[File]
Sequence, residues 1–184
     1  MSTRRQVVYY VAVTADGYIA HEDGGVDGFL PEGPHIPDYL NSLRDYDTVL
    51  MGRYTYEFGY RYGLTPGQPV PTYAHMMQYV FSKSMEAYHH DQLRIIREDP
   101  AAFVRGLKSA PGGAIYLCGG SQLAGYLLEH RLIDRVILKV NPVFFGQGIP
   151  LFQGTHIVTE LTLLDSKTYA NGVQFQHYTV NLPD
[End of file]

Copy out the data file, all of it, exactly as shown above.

Sequence, residues 1–184
     1  MSTRRQVVYY VAVTADGYIA HEDGGVDGFL PEGPHIPDYL NSLRDYDTVL
    51  MGRYTYEFGY RYGLTPGQPV PTYAHMMQYV FSKSMEAYHH DQLRIIREDP
   101  AAFVRGLKSA PGGAIYLCGG SQLAGYLLEH RLIDRVILKV NPVFFGQGIP
   151  LFQGTHIVTE LTLLDSKTYA NGVQFQHYTV NLPD